Henderson Predicts ‘Insane Pace’ with Miller in Milwaukee

By Mike Whitman Aug 10, 2011
One would be hard-pressed to find an informed mixed martial arts fan uninterested in the co-main event of UFC Live 5, a pivotal lightweight pairing of Benson Henderson and Jim Miller.

Two durable and exciting competitors, Miller and Henderson seem tailor-made to put on “Fight of the Night” at the Bradley Center in Milwaukee, a possibility for which Henderson will come prepared.

“Jim Miller is definitely the toughest guy [I’ve faced so far]. He’s a wrestler, so I know he’ll bring that wrestling mentality to grind out and do whatever it takes to get [his] hand raised,” Henderson said during a recent UFC media teleconference. “I’m definitely expecting the toughest fight of my career. I’m expecting to go 15 minutes, hard, at an insane pace.”

A former World Extreme Cagefighting titleholder, Henderson suffered only the second loss of his career when he was dethroned by Anthony Pettis at WEC’s final show in December. “Smooth” rebounded from the defeat in style, out-hustling jiu-jitsu ace Mark Bocek at April’s UFC 129.

“Every fight is a pretty big, career-building fight. Whether you’re No. 19 out of 20 or No. 2 out of 20, if you lose a fight, then you’ve got to start over. I view all of my fights that way,” said Henderson. “Thankfully, I’ve been blessed in that my career has gone how you would script a career. Every fight has been bigger, with more stuff on the line. I did have a setback a couple of fights ago, but now I’m back on the winning track where every opponent is tougher than the last guy.”

Henderson’s UFC debut represented his coming-out party to casual observers. After posting an impressive 5-1 record in the WEC, the MMA Lab export says he no longer needs to offer an elaborate explanation of his profession to fans on the street, a fact that Henderson finds relieving.

“It’s probably just the fan recognition [that is different]. We tried our best to educate the fans, but a lot of fans didn’t really know about the WEC,” said Henderson. “[It’s nice] not always having to sit there and give a 20 minute explanation about the WEC and its relation to the UFC. I’m really happy I don’t have to do that anymore. The UFC has the toughest 155-pounders in the world, and I’m just excited to be here and showcase some of the stuff I bring to the table.”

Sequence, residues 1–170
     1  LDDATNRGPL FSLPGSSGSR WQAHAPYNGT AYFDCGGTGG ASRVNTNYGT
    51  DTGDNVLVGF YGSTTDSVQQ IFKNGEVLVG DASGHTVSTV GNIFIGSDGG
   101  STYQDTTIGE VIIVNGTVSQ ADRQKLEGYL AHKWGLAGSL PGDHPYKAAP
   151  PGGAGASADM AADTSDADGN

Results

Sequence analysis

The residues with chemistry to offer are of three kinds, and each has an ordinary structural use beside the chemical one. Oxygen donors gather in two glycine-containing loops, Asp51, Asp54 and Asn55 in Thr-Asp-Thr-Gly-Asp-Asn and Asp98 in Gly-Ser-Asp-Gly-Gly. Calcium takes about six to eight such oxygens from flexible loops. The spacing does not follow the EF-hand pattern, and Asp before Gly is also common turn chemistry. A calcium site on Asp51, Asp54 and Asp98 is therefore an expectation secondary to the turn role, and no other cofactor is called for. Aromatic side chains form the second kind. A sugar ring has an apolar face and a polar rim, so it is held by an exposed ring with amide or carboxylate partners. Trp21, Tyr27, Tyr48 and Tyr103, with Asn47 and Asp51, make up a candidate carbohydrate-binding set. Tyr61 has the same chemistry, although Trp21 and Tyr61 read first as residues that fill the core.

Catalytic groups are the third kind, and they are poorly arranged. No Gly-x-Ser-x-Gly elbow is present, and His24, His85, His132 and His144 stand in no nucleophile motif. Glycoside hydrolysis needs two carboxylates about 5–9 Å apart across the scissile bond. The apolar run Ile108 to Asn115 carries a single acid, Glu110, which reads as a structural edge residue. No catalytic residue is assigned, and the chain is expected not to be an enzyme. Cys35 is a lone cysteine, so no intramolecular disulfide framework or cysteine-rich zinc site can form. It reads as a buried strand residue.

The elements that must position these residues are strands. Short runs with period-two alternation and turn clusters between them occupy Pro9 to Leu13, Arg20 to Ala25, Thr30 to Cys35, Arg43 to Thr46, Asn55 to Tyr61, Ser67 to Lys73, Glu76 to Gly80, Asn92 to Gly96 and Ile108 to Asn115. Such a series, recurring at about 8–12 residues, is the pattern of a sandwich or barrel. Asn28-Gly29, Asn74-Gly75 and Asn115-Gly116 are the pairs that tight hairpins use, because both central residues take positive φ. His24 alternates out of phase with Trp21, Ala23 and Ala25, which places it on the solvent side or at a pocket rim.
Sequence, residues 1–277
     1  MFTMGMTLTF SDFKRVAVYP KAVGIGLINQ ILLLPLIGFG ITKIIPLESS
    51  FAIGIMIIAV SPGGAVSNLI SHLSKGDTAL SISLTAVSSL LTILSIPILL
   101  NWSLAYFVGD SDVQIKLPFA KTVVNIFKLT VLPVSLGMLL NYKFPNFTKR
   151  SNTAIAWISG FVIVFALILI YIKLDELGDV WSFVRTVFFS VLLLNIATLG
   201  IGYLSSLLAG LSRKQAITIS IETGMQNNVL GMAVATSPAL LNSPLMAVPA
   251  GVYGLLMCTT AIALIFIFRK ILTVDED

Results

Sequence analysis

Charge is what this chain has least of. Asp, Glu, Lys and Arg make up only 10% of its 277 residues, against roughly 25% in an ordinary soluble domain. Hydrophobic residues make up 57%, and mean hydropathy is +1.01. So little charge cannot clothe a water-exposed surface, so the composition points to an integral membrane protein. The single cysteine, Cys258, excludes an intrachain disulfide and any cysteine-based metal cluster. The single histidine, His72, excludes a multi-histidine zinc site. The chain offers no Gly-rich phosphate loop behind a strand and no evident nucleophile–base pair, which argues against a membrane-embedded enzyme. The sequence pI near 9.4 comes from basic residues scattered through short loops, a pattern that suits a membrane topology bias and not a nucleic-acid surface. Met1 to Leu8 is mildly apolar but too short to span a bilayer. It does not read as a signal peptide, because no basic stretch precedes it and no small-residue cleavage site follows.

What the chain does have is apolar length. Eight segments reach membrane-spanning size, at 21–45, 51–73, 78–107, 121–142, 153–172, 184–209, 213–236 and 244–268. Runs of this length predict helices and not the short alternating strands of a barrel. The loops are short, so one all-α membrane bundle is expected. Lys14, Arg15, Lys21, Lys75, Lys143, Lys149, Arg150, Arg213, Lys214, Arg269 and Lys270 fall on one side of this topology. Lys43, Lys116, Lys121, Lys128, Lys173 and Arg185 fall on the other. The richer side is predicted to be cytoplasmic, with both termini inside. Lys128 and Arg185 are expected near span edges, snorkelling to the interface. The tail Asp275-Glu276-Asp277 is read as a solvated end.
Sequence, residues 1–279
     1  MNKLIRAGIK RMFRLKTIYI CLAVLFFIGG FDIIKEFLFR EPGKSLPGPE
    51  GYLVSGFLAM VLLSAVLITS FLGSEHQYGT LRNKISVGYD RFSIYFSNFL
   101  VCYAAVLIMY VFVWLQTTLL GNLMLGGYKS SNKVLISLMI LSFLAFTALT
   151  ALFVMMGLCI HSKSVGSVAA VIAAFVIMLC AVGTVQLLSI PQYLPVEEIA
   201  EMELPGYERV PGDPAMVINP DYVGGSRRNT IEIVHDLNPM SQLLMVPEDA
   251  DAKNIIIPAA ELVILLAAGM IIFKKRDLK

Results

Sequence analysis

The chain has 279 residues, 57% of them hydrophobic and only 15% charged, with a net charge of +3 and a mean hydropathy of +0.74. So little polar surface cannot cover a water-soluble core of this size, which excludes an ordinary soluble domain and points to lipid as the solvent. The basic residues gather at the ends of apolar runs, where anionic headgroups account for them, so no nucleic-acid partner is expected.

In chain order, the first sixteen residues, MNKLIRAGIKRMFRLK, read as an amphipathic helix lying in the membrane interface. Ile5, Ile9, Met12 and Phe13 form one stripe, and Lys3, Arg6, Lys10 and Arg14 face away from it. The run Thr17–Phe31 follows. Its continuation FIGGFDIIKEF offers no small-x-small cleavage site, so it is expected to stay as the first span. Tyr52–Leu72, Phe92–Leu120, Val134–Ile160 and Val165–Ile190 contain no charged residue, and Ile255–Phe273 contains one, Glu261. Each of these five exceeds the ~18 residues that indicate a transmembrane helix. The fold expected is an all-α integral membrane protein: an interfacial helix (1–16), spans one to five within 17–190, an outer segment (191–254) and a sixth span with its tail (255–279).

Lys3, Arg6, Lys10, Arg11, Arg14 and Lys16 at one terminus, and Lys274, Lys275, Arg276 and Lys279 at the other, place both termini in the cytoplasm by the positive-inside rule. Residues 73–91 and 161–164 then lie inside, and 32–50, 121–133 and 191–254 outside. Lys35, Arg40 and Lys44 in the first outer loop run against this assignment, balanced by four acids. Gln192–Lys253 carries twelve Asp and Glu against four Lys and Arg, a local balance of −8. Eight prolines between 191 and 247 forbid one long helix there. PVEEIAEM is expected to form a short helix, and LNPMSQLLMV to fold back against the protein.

In regard to his upcoming contest with Miller, Henderson admits that the two men share many in-cage similarities. However, the 27-year-old believes that those shared traits may serve to help him better prepare for the Aug. 14 showdown.

“I think he’s going to bring a unique grappling style if the fight does go to the ground, [but] I’ll be ready for it. To be honest, I think our styles are pretty similar,” said Henderson. “We’re both former collegiate wrestlers who got into MMA afterward, so we’re both pretty wrestling-based on the ground, and our transitions to jiu-jitsu have followed similar paths. We do a lot of same stuff, so I think it will be something I’m ready for.”

Due to the aforementioned commonalities, some have speculated that Henderson and Miller’s respective grappling pedigrees may result in a stalemate, forcing the fighters to slug it out standing. When asked if he agreed with that assessment of the matchup, Henderson stopped short of concurring completely. However, the fighter did admit that in the event that grappling superiority was not established, a slugfest could easily develop.

“Maybe it could lead to more striking. Every fighter thinks he’s better, obviously, so I think my ground game will come out on top,” said Henderson. “I think it could be a technical, hard-nosed grappling match for 15 minutes, or a standup war where we stand there in the pocket and bang for 15 minutes.”

As former WEC champion, Henderson has been a part of the peripheral UFC title discussion since the promotions merged. Miller is another fighter who has put together an impressive resume -- including seven consecutive Octagon victories – but has yet to be rewarded with a title shot. As a result, when Henderson and Miller collide, it could serve as a potential No. 1 contender’s bout.

Though few could argue with the winner facing either Gray Maynard or Frankie Edgar for the division’s highest prize, Henderson chooses not to dwell on the idea. Rather, the lightweight preaches patience, believing that he will receive his shot in due time.

“To be honest, I have no idea about [whether I will get a title shot]. My coaches and manager do more thinking about that,” said Henderson. “I don’t really care. If you’re on the right track -- if you’re getting your hand raised – that’s the only thing that matters. Eventually, you’ll get the title.”

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